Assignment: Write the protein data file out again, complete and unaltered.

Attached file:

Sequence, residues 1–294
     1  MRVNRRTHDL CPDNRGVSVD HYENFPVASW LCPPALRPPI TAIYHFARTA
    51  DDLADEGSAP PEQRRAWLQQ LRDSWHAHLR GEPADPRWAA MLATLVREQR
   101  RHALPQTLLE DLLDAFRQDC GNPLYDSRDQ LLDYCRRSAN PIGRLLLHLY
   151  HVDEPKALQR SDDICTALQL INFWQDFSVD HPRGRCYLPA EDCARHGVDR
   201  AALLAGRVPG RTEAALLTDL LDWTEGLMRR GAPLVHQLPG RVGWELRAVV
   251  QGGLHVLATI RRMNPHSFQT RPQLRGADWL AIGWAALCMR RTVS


Sequence, residues 1–294
     1  MRVNRRTHDL CPDNRGVSVD HYENFPVASW LCPPALRPPI TAIYHFARTA
    51  DDLADEGSAP PEQRRAWLQQ LRDSWHAHLR GEPADPRWAA MLATLVREQR
   101  RHALPQTLLE DLLDAFRQDC GNPLYDSRDQ LLDYCRRSAN PIGRLLLHLY
   151  HVDEPKALQR SDDICTALQL INFWQDFSVD HPRGRCYLPA EDCARHGVDR
   201  AALLAGRVPG RTEAALLTDL LDWTEGLMRR GAPLVHQLPG RVGWELRAVV
   251  QGGLHVLATI RRMNPHSFQT RPQLRGADWL AIGWAALCMR RTVS